One relatively recent stipulation by the Government of India has got me all confused. I am told that Independent Directors (IDs), barring some exceptions, will have to take a qualifying examination to remain as IDs. I do not know how many of the venerable women and men, that I have seen on the stage, have taken the exam, and have qualified. I also wonder whether passing an examination will make someone a better Director, who will, in the boardroom, look
after the interests of persons like me. Specifically, I would like to be enlightened on whether empathy for the common man can be determined by a written examination.
We have been given to believe that one of the major responsibilities of an ID is to look after the interest of minority shareholders. In a recent case that the press reported, a veteran ID, with 9 months left in the present term, chose to walk away on the ground that more time needed to be devoted to personal matters. If such a claim is made by one of our Directors, I expect you would persuade him/her to complete his/her term, and leave. A premature departure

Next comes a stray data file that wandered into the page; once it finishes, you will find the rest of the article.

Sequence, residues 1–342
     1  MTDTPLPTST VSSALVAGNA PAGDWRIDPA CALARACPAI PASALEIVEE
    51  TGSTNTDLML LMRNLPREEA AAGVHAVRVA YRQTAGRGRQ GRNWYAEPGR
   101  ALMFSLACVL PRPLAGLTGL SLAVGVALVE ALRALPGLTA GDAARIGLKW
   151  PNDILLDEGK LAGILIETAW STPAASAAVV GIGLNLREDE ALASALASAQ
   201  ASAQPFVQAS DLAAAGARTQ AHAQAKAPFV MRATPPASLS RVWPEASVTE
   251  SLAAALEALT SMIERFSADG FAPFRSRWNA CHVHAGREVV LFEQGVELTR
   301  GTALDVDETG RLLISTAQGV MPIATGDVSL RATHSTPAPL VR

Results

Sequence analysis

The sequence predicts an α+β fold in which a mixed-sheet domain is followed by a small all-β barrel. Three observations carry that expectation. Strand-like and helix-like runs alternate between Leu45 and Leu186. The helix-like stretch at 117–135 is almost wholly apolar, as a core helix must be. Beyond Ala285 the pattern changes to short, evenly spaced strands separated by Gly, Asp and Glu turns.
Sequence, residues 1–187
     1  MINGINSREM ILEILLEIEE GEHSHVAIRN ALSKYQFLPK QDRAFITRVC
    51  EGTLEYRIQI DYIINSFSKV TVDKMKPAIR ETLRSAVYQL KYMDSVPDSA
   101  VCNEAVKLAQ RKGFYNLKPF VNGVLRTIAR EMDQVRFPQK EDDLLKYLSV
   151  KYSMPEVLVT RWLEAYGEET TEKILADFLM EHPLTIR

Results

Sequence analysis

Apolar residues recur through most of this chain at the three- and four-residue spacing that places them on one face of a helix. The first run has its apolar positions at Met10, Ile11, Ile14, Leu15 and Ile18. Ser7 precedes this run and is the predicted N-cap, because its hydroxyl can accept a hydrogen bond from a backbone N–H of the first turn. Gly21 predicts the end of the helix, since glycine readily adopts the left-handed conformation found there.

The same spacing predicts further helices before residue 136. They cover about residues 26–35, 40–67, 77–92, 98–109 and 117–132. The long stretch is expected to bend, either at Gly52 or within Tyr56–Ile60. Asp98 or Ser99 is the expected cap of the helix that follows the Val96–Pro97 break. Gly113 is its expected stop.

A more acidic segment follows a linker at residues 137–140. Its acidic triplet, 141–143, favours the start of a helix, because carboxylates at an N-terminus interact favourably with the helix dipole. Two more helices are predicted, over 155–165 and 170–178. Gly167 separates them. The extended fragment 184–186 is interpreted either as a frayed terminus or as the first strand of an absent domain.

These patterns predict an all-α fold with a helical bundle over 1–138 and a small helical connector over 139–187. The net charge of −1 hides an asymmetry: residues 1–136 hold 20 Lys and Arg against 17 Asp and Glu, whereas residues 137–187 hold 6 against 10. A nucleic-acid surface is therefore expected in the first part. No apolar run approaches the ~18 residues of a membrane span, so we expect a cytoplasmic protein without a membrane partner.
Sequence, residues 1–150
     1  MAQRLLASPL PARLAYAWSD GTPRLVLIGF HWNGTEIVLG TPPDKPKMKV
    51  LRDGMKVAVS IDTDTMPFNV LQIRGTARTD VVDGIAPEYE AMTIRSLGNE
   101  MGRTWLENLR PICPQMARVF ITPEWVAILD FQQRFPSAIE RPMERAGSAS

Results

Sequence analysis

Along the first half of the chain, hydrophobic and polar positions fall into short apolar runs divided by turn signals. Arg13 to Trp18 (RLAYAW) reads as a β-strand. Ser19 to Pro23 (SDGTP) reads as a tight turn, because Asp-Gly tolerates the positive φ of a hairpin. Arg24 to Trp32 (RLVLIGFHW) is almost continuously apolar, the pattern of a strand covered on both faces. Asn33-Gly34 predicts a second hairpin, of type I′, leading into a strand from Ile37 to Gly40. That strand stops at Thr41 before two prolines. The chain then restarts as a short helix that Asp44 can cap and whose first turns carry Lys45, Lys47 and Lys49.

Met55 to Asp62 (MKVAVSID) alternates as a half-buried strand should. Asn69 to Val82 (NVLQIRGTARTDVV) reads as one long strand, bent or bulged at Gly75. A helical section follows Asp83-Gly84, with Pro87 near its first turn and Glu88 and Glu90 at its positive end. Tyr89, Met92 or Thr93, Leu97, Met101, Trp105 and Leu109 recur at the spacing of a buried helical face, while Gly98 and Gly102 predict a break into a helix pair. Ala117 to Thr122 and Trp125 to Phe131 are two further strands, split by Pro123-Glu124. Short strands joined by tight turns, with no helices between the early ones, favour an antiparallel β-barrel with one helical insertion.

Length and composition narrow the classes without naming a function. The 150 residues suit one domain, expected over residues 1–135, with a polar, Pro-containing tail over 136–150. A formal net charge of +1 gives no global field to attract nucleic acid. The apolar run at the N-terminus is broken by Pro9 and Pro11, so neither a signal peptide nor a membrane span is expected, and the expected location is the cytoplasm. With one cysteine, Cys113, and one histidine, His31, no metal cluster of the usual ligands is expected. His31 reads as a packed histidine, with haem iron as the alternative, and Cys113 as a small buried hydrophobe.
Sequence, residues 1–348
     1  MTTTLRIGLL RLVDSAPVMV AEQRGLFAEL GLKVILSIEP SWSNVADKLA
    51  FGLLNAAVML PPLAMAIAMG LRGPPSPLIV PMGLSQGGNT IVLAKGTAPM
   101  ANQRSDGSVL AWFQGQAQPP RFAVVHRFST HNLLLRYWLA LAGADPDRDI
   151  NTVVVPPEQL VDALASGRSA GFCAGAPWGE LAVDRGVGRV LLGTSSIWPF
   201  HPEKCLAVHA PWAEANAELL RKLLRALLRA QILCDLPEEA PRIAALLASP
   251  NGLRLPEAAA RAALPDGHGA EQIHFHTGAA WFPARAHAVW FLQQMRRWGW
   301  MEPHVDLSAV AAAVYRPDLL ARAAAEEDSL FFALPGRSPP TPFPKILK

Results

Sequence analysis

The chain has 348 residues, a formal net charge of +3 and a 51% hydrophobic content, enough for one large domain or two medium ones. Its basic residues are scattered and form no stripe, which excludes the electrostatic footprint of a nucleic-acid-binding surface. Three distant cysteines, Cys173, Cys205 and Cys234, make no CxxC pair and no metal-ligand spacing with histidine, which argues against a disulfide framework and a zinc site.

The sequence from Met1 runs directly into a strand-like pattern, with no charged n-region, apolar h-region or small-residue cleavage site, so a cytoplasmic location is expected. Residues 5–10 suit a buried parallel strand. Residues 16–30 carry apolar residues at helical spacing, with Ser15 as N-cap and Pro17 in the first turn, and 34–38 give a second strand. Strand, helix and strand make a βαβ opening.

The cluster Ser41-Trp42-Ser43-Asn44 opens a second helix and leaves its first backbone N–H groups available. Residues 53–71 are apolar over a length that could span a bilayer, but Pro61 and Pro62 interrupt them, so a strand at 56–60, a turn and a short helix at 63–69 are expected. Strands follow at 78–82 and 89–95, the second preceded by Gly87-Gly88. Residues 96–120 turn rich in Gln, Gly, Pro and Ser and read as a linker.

gives rise to all manner of conjecture, and that is not good for any company. I also understand that at the same time, there are thousands of persons willing to get into boardrooms, fully conscious of the liabilities. I wonder what the risk-reward trade-off is for them, especially in financial institutions.
We also miss the sometimes extravagant praise heaped on the Company Secretary for ensuring that the documents pertaining to the meeting reached us on time. We conveniently forgot that that was part of his/her job description, and were intolerant of the handful of persons who complained about non-receipt of the documents.